A bill is dead to create a fourth college system in California to award credit and degrees to students but offer no courses, according to the head of the state Assembly's higher education committee.
The bill would have created the "New University of California," which would have issued credit and degrees to anyone capable of passing certain exams. The bill received criticism and news media attention even though it had an uphill battle to become law: its sponsor is Assemblyman Scott Wilk, a rookie Republican lawmaker in a Democratic-majority legislature.
“Of course we need to look at creating different paths for students to achieve college completion,” Das Williams, the Democratic chairman of the Assembly's higher education committee, said in a statement. “At the present time the author of the AB 1306 has decided to pull the bill. This bill, and others like it, must be closely reviewed and solution-oriented to ensure that they meet our state’s higher education goals and prepare our students for a robust career in the workforce.” A spokesman for Wilk did not immediately respond to an email seeking comment on the bill's fate.
The bill is just one of several across the country this year to suggest new models for graduating students. Another, which is sponsored by the leader of the California Senate, is still believed to be very much alive. It would require California's 145 public colleges and universities to grant credit for certain low-cost online courses offered by outside groups, including classes offered by for-profit companies.
In Florida, a measure is advancing that would allow Florida officials to accredit individual courses on their own -- including classes offered by unaccredited for-profit providers.
United States University, a for-profit institution has agreed to pay $686,720 to the government to settle a civil suit filed over the filing of fraudulent financial aid applications, KPBS reported Federal officials said that the case was notable because they had brought criminal and civil cases against the institution. Christina Miller, who was the director of financial aid, pleaded guilty to falsifying federal records (Pell Grant applications) and could face up to a year in prison. Officials of the university did not respond to requests for comment.
Massachusetts is suing Sullivan & Cogliano Training Centers Inc., charging it with false advertising, The Boston Globe reported. The state says that Sullivan & Coglian advertised that 70 percent to 100 percent of graduates found jobs in a medical office, when the actual figure is less than 25 percent. “For-profit schools are extremely expensive and heavily funded through federal student loans, so all taxpayers have a stake in this,” Attorney General Martha Coakley said in a statement cited by the newspaper. “If students do not receive these promised jobs and wind up in default, the students and taxpayers suffer the consequence while the schools continue to profit.” Sullivan & Cogliano did not respond to requests for comment on the suit.
New York City's comptroller, John C. Liu, and the city's pension funds this week announced that they have filed shareholder proposals calling on DeVry University and Career Education Corp. to disclose data on student borrowing that is roughly the equivalent of what would have been required under the now-stalled federal "gainful employment" regulations. The funds are investors in both for-profit institutions, and can therefore introduce requests that are considered by shareholders. Career Education had sought to bar a vote on the proposal, according to Liu's office, but the U.S. Securities and Exchange Commission ruled against the company.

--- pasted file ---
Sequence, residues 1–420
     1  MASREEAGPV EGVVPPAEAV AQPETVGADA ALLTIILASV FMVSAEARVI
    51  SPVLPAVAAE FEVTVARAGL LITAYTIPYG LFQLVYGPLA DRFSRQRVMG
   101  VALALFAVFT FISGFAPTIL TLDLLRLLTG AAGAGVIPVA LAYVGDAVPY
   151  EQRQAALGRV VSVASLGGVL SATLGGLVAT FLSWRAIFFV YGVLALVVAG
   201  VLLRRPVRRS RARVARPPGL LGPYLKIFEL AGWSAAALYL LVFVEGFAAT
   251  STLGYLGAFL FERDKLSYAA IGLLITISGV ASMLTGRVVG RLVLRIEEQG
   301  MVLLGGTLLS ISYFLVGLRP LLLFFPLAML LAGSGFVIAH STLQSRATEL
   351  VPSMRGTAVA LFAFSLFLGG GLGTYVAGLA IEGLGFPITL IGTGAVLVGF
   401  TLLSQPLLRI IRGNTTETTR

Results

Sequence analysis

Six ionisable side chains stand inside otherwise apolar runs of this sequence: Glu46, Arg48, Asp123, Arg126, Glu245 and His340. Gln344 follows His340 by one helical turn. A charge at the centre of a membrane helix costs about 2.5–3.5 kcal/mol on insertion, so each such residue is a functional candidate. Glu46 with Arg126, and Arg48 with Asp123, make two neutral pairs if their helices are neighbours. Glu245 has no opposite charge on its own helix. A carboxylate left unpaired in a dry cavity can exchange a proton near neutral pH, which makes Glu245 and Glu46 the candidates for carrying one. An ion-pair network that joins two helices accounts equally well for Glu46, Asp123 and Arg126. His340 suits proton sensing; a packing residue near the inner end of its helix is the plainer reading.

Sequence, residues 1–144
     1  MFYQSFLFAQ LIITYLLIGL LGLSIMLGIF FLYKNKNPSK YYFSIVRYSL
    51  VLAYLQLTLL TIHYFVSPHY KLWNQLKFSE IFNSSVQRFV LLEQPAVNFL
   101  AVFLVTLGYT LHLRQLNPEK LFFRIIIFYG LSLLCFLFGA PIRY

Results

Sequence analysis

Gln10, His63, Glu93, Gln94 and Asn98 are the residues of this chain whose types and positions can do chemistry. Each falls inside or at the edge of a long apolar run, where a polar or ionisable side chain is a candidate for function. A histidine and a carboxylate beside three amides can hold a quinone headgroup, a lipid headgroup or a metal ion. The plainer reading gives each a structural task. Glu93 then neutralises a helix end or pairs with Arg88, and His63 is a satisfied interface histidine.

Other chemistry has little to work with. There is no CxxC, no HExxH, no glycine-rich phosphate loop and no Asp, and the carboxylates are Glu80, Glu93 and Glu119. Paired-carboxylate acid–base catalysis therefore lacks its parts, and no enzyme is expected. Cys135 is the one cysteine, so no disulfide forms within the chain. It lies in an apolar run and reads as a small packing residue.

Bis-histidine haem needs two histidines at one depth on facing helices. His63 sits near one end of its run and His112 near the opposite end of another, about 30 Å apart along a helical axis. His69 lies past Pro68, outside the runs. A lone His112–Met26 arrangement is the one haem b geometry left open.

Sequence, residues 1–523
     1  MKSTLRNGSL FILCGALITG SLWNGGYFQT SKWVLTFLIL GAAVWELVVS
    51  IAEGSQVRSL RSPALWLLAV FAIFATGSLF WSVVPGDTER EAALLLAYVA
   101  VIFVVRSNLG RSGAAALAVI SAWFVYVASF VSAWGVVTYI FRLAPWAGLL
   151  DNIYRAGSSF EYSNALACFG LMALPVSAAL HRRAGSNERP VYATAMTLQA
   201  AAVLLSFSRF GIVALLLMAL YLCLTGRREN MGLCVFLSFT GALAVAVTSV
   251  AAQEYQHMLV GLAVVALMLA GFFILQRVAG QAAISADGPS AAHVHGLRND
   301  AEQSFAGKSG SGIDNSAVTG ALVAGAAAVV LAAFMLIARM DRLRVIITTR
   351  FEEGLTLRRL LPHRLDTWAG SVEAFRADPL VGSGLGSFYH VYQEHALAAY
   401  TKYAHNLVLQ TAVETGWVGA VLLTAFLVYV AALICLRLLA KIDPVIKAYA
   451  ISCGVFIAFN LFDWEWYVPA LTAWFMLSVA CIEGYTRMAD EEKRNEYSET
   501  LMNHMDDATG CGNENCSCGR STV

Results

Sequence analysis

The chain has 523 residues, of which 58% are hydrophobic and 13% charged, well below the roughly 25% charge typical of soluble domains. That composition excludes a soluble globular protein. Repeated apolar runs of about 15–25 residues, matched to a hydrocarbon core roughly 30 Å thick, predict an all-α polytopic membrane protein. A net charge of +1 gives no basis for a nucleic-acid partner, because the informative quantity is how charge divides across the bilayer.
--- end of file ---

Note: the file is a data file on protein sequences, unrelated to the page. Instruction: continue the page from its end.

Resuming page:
An effort in Wisconsin to create standards for for-profit colleges has collapsed, The Wisconsin State Journal reported. The state panel had been considering rules that would have required for-profit colleges to show that 60 percent of students who started programs finished them and found jobs. But the panel working on the standards was disbanded, the newspaper reported, amid criticism from the for-profit colleges and some lawmakers.
About a third of distance learning operations have not applied for any authorization to operate, though on average they serve students in more than 30 states or territories. Still, compliance efforts are up from 2011, when two-thirds of institutions had not sought any authorization.
Some institutions are deciding not to apply for authorization in certain states because of compliance efforts, confusion or cost. "As institutions have gained a greater understanding of the laws and regulations of each state, more have opted to bypass those states that they perceive as being too costly or the approval processes too cumbersome, for the number of students they enroll in certain states," said Bruce Chaloux, executive director and chief executive officer of the Sloan Consortium, which helped put together the survey.
About a third of the institutions don't bother to notify students about state authorization issues. Because of that, the report said "students may, unwittingly, get caught in the middle."
The federal government had once tried to require distance education providers to get authorization from each state they have at least one student in, but the government dropped that requirement and now institutions are bound, in theory, only by state regulations.
Thunderbird School of Global Management and Laureate Education announced plans Monday for a joint venture in which the Arizona-based business school would establish academic programs through the for-profit education provider's campuses in cities around the world. Under the arrangement, which is expected to be finalized in June, Thunderbird would remain nonprofit but would look to offer instruction at Laureate campuses in places such as Madrid, Paris, Santiago, Chile, and Sao Paulo, Brazil.